One of the peculiar features of FormatMessage, which makes absolutely no sense at all, is that it appends a newline sequence to the message. This is rarely, if ever, of value, and as  far as I can tell, having worked in three other major operating systems that supported a FormatMessage equivalent, this seems to arise from some fundamental misunderstanding of the problem. In every single one of these systems, dating back to 1968, I have had to eliminate the newline sequence from the error string before it was usable! So I delete this newline sequence from the result of FormatMessage so the message can be placed in a MessageBox, CEdit, CListBox, or other such place and make sense. (The peculiar attitude seems to be that the designer of the error message should control this, when in fact it should either not be appended at all, or be an option flag that defaults to "off" in the call to retrieve the message).

Just for your information, if you want to get the error text while debugging, place in the watch window of the debugger the request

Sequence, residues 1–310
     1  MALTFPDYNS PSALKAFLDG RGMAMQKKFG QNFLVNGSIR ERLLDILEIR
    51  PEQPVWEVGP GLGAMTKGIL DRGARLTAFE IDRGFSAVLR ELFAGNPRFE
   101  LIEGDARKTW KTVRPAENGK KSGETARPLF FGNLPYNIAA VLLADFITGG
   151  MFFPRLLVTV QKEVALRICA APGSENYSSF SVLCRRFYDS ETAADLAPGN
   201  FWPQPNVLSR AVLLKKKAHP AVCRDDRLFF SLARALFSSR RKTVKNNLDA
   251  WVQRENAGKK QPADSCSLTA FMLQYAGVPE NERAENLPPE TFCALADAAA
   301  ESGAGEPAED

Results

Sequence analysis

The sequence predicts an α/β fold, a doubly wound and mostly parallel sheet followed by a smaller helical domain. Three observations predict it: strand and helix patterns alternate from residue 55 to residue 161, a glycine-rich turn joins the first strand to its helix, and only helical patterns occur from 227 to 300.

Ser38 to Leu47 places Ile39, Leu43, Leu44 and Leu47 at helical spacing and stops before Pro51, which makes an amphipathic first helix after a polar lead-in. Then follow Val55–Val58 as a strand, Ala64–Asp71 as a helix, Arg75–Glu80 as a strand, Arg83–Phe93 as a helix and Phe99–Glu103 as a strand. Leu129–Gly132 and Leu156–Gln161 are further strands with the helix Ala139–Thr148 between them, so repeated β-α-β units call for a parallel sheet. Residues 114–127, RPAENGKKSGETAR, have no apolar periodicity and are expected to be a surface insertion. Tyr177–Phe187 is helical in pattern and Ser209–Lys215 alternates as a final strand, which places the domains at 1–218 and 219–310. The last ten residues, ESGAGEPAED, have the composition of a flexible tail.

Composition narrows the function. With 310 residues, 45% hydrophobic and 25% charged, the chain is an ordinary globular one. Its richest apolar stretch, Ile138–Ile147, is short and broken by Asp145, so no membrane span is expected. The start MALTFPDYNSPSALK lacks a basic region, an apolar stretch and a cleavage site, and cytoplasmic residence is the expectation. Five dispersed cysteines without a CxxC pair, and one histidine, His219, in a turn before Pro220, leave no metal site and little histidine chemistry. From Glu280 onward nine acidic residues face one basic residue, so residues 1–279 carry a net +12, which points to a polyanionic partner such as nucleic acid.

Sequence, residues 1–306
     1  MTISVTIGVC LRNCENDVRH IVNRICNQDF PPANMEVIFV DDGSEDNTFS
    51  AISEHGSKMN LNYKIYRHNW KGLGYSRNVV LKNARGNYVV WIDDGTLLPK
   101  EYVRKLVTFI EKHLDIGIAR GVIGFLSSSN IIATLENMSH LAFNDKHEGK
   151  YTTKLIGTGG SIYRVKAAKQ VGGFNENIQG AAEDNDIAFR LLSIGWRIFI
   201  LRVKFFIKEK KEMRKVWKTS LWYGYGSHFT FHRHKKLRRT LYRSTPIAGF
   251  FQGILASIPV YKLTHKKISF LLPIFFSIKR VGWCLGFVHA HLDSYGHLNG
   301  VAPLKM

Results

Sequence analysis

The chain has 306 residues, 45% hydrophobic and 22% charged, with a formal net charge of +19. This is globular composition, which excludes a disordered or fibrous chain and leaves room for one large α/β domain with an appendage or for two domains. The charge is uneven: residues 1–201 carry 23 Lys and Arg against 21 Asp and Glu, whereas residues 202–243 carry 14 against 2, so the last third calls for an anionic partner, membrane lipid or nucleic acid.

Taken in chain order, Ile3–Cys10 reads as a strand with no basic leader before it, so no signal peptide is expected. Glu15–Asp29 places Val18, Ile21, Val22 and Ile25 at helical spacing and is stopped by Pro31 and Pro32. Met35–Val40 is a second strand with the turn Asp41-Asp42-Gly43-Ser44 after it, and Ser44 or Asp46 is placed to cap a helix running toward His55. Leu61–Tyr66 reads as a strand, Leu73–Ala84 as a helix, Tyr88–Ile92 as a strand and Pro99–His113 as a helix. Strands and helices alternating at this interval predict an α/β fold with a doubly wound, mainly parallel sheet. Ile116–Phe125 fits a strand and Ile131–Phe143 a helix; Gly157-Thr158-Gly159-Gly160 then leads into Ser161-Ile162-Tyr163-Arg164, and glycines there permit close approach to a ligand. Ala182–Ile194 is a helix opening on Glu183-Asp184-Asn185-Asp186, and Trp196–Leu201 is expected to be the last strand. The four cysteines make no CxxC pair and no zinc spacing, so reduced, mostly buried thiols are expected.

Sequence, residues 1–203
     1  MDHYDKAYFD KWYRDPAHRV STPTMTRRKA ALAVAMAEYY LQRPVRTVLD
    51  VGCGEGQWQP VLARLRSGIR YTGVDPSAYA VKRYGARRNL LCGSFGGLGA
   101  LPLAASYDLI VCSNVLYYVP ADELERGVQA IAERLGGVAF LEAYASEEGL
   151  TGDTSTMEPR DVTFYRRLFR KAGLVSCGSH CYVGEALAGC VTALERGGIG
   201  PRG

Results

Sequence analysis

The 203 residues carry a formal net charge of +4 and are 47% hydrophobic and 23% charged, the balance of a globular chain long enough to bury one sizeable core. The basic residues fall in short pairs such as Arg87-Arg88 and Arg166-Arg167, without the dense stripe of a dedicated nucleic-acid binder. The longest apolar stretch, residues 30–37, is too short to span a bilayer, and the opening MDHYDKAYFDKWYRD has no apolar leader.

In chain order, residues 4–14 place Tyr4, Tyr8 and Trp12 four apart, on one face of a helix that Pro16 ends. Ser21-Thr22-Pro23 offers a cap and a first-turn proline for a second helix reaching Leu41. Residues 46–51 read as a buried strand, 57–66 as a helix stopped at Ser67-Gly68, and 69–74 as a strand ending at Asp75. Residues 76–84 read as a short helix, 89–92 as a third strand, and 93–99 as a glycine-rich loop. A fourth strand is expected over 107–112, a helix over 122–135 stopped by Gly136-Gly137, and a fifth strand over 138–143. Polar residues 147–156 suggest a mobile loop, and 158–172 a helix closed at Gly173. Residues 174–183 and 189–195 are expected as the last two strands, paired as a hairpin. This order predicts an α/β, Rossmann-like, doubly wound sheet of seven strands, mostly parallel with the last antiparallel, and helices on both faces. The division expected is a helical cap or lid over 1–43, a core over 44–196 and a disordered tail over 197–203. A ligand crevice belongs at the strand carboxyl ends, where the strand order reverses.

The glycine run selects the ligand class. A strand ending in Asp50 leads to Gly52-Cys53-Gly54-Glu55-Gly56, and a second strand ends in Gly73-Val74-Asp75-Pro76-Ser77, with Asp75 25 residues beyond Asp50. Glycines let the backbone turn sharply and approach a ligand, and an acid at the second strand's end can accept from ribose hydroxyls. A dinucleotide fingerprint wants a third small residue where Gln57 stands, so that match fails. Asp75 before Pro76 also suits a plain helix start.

This is a screen snapshot of the watch window taken after the CStdioFile::Open call failed. As you can see, the error message is nicely explained to you, the programmer. When the error is something that needs to be displayed to the user, you can use my ErrorString function to get a nice CString. Note that even if you think the message code is of no use to the user, display it anyway. For example, a message of the form is actually very useful. Here is a simulated display of an AfxMessageBox. Your tech support people will be greatly aided.

<FONT face=Arial size=2>Your Application Name Here</FONT>
Unable to complete operation. Internal error.
Unexpected error code from network support.

( An attempt was made to establish a session to a network server, but there are already too many sessions established to that server).

Perhaps you did not expect this error and don't really know what to do when it occurs, but your tech support people could waste hours trying to track down a problem that is not really in your program, but an artifact of an overloaded server.

Here is the code of the function in its entirety: The download consists of a compilable .cpp file and the accompanying .h file.

CString ErrorString(DWORD err)
     CString Error;
     LPTSTR s;
            NULL) == 0)
    { /* failed */
     // Unknown error code %08x (%d)